A new Internal Revenue Service ruling could mean significant tax savings for investor-owned hospitals and management companies that operate physician practices in states that bar the corporate practice of medicine.
But a number of for-profit hospitals and management companies might take a wait-and-see approach before applying the ruling to their own situations, some experts say.
Many states have laws that allow only licensed physicians to employ individual physicians in the practice of medicine. The idea is to keep anyone who isn't a medical practitioner from exercising undue influence over doctors' clinical judgments. But as hospitals and other entities have acquired physician practices in recent years, they've had to perform some legal gymnastics to do so.
Essentially, some for-profit hospitals and management companies have been acting like owners without actually being able to include the practices as subsidiaries on their tax returns. That means they couldn't use any of a practice's losses to offset taxes on other income, said Kelvin Ault, a partner at PricewaterhouseCoopers in Nashville who represents the organization that sought the ruling, which he declined to identify.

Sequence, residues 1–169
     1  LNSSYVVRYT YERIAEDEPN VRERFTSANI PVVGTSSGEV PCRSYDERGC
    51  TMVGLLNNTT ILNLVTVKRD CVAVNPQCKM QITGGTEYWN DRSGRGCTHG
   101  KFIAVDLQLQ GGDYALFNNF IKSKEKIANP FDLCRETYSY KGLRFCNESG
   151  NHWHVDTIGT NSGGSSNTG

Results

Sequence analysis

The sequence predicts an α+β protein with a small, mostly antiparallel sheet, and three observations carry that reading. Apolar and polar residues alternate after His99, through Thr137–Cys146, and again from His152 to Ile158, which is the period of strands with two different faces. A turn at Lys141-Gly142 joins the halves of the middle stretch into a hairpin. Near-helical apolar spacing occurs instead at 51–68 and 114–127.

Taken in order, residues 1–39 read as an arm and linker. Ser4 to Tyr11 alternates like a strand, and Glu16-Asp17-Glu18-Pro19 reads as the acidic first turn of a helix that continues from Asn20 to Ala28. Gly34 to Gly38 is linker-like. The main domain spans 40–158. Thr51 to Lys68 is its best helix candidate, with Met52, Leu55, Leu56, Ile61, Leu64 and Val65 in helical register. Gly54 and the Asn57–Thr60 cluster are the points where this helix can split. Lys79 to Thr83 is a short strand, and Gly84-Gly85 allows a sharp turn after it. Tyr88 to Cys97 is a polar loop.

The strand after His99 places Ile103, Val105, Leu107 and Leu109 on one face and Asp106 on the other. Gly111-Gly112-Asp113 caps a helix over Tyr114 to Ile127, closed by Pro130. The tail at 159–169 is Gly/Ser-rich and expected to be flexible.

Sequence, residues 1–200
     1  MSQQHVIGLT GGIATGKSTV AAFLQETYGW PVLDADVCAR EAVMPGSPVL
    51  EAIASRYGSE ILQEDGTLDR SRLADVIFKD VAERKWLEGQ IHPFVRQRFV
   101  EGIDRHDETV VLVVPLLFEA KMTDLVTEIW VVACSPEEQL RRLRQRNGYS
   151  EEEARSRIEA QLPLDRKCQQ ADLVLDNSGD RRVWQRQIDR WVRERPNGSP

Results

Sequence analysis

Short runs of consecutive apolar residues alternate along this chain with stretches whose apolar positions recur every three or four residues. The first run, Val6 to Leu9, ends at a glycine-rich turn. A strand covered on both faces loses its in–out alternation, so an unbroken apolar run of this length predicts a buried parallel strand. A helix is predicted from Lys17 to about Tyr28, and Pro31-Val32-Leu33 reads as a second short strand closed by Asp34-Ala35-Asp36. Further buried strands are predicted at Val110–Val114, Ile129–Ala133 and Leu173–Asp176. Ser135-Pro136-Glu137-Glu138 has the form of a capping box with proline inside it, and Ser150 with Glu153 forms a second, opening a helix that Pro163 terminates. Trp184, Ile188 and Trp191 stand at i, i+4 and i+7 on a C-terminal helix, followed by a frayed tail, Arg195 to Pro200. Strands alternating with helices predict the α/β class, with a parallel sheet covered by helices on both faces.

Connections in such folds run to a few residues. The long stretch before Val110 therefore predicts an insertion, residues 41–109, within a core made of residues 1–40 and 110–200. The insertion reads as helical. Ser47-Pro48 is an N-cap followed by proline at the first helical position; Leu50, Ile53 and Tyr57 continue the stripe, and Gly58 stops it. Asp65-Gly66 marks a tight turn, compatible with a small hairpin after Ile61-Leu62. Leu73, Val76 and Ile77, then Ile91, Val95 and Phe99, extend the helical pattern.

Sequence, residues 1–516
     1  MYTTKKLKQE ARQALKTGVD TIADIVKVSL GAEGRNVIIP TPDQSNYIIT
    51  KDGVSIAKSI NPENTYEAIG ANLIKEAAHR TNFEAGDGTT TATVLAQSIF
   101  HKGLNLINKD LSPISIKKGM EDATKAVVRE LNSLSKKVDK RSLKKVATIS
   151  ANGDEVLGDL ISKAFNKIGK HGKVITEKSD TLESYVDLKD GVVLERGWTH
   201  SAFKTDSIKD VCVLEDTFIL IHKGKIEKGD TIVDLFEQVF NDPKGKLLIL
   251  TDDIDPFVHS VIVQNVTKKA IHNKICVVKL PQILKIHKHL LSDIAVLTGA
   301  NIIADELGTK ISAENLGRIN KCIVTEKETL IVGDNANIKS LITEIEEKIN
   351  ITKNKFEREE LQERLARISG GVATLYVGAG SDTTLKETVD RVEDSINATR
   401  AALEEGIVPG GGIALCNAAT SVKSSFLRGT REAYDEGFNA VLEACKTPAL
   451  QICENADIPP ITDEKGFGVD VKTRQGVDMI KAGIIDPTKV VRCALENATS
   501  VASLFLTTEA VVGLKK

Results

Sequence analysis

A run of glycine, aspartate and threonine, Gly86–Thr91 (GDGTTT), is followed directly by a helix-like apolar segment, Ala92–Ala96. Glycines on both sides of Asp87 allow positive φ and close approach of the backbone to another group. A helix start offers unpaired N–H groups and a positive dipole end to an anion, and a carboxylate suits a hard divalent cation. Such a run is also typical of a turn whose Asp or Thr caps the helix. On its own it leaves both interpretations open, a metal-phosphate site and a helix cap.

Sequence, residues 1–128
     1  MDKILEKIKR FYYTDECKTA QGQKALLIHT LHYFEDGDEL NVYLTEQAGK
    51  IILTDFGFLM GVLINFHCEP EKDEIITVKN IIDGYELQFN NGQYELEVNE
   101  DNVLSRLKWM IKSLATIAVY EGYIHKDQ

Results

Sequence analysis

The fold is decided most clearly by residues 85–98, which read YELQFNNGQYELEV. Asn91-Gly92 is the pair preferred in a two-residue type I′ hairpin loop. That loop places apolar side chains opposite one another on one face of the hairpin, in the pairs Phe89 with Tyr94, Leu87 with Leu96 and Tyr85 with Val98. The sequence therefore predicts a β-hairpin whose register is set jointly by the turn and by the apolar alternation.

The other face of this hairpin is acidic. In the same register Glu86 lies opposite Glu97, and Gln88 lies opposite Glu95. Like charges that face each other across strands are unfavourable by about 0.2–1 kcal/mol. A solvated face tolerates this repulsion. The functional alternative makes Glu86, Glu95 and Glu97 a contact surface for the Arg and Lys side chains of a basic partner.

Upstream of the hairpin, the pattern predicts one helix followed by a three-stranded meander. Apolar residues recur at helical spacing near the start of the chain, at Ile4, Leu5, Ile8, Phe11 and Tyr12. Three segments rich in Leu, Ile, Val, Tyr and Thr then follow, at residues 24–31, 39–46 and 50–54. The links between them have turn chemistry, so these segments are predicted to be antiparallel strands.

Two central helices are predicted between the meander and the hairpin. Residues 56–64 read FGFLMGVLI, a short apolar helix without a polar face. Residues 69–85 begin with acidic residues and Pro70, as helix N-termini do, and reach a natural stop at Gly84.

But the IRS private-letter ruling, published in the Federal Register on Dec. 19, allows Ault's client organization to consolidate its operations when filing federal taxes despite a state corporate practice of medicine law. The IRS private-letter ruling did not name the organization.
Ault said under the ruling, profits also would be combined with those of a company's subsidiaries and subject to taxes. The ruling does not apply to not-for-profit healthcare organizations because they are tax-exempt.
“The IRS has said, 'If you have effective control over them, you can consolidate them and should consolidate them,' ” said Angela Humphreys, a partner at Bass, Berry and Sims in Nashville who also represents the organization that sought the ruling.